It's hard for me to believe that some small-minded people still think that all gay men look like members of the Village People or are limp-wrested and effeminate. They think that the only professions they hold are as hairdressers or interior and fashion designers.
They also believe that gay people shouldn't have the right to get married. Almost all of the friends who we saw that night were married, some with a California sanctioned marriage license and some without. One of the couples has been married for more than 20 years and the others have been together about 15 years — as have my husband and I. Why should their unions be considered inferior to ours?
Some would say that marriage is about having kids and, since gay men can't conceive, they can't get married. If that's one of the criteria used to issue a marriage license, then the state should require all straight men to take a potency test and all women to undergo a full battery of tests to determine fertility. Undoubtedly a large number of heterosexual couples would fail that standard.
One of the couples we saw the other night is in the process of adopting and they hope to be parents in the very near future. With all of the kids who linger in foster care without ever having a permanent home of their own and parents to love them, how could anyone deny same sex couples the opportunity to complete their families?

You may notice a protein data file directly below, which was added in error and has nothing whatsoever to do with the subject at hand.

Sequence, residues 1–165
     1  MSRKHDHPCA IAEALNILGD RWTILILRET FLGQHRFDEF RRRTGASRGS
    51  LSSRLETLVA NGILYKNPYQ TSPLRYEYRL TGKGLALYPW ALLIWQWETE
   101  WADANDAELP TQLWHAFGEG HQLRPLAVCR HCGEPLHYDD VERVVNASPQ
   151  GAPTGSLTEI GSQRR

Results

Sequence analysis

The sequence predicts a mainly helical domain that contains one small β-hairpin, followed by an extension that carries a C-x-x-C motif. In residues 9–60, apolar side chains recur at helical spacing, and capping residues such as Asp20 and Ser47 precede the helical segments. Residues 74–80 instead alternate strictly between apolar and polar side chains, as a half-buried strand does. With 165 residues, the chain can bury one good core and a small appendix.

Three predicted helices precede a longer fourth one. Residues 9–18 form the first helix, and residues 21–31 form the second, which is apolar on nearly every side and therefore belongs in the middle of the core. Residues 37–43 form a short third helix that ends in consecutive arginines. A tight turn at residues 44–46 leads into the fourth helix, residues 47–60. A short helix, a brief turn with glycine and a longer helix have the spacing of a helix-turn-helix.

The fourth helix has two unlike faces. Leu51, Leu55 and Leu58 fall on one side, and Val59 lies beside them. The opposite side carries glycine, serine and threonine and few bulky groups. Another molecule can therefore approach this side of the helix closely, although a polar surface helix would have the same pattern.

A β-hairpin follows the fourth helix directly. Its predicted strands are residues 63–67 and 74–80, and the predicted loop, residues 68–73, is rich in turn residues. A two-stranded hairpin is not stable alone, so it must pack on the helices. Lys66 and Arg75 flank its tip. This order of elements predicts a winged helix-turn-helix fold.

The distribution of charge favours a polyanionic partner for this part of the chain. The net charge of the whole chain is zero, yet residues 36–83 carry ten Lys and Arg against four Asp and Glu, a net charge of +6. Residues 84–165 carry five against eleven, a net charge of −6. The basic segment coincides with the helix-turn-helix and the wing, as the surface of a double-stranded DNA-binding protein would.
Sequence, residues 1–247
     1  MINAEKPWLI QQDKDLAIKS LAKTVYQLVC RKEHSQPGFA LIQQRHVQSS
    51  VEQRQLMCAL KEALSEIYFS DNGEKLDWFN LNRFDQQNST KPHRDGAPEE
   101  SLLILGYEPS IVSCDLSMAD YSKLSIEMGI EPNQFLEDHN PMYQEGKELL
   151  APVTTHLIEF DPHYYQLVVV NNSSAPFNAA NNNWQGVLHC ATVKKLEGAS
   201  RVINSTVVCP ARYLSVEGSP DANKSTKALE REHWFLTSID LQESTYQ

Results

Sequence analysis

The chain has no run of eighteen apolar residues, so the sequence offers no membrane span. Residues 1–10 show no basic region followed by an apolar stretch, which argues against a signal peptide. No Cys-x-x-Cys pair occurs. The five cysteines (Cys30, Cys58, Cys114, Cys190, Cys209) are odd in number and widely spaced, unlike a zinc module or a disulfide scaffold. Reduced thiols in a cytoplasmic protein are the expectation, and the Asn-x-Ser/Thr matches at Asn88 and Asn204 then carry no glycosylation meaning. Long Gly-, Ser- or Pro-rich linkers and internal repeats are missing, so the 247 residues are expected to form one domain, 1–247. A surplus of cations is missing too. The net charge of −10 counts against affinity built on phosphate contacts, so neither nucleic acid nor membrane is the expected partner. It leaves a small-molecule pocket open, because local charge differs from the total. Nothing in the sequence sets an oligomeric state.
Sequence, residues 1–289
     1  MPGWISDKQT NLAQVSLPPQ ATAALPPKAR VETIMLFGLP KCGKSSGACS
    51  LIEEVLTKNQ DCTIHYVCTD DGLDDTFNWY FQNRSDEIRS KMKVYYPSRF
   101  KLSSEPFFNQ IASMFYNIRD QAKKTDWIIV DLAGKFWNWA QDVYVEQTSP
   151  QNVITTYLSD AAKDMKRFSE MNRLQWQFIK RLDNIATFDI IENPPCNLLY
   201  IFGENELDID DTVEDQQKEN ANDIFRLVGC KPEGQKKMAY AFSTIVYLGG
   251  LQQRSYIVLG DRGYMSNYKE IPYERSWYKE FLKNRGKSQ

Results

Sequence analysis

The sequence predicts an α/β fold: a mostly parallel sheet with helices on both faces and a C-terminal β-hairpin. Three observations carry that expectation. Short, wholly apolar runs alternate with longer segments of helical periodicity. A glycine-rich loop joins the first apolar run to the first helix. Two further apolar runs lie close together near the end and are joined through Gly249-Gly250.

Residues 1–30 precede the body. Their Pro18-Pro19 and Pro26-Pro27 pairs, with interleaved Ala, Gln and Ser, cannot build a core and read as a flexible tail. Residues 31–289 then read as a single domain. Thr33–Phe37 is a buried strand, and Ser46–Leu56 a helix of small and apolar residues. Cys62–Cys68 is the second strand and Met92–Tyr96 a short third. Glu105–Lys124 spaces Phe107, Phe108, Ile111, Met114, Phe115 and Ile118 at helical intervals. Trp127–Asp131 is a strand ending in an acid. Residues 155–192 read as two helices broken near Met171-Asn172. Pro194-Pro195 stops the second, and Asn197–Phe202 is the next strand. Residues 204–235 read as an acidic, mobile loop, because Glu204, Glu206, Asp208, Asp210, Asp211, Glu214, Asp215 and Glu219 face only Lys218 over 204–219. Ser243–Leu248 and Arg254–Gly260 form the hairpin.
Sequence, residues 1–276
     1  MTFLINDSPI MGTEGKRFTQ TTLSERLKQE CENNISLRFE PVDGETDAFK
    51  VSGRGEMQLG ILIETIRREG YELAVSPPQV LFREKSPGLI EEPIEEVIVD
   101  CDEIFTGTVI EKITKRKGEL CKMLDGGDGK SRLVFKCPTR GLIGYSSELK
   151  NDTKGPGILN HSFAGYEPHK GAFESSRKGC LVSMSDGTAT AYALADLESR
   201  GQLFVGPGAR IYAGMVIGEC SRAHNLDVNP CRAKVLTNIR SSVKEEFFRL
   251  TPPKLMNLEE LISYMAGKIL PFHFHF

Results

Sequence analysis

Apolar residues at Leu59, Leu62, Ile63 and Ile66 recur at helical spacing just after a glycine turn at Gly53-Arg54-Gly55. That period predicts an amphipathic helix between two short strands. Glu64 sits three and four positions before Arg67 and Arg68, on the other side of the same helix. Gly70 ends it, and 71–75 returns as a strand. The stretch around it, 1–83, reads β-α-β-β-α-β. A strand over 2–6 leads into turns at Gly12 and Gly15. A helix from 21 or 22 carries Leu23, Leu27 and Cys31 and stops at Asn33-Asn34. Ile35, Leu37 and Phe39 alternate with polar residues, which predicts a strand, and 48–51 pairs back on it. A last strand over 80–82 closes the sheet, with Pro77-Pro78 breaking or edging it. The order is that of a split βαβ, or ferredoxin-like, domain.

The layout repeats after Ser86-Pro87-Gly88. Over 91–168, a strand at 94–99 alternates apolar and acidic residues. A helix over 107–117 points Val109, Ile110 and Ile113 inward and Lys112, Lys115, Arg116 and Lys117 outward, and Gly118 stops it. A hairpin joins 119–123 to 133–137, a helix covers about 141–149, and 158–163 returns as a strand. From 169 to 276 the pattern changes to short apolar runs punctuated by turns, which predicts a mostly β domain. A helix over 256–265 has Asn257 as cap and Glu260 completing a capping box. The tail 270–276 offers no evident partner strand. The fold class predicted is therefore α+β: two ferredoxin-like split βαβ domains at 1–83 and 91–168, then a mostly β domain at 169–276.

There are also those who say that gays shouldn't serve in the military. They claim it would harm morale to have gay men checking out their comrade's bodies. However, it's highly unlikely that when the bullets are flying that a gay soldier considers how his buddy's butt looks in his uniform.
I am a fan of the television show "Glee," which has a gay teen as one of its main characters. Some of the best shows of last season featured his storyline, primarily about his father learning to accept and support him.
From the teenagers I know, it seems that they are more accepting of differences. They don't care if someone is straight or gay, what religion they believe in, what color they are, or what country their family came from.
We adults still have a long way to go.
SHARON RAGHAVACHARY is on the steering committee for Crescenta Valley Community Assn. and a member of the Family Advisory Council for Childrens Hospital Los Angeles. She may be reached at firstname.lastname@example.org.